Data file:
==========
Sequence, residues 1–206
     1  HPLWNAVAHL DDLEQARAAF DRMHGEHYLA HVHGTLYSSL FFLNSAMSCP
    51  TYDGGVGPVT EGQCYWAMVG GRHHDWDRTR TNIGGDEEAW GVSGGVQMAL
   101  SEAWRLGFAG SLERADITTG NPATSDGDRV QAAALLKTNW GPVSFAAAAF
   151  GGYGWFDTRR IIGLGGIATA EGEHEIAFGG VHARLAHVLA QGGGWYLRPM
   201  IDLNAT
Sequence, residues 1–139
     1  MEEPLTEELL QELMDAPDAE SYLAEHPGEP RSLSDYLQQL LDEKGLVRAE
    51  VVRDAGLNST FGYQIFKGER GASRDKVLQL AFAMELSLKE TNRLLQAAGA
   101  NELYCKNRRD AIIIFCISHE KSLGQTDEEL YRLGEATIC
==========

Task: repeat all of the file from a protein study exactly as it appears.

Sequence, residues 1–206
     1  HPLWNAVAHL DDLEQARAAF DRMHGEHYLA HVHGTLYSSL FFLNSAMSCP
    51  TYDGGVGPVT EGQCYWAMVG GRHHDWDRTR TNIGGDEEAW GVSGGVQMAL
   101  SEAWRLGFAG SLERADITTG NPATSDGDRV QAAALLKTNW GPVSFAAAAF
   151  GGYGWFDTRR IIGLGGIATA EGEHEIAFGG VHARLAHVLA QGGGWYLRPM
   201  IDLNAT
Sequence, residues 1–139
     1  MEEPLTEELL QELMDAPDAE SYLAEHPGEP RSLSDYLQQL LDEKGLVRAE
    51  VVRDAGLNST FGYQIFKGER GASRDKVLQL AFAMELSLKE TNRLLQAAGA
   101  NELYCKNRRD AIIIFCISHE KSLGQTDEEL YRLGEATIC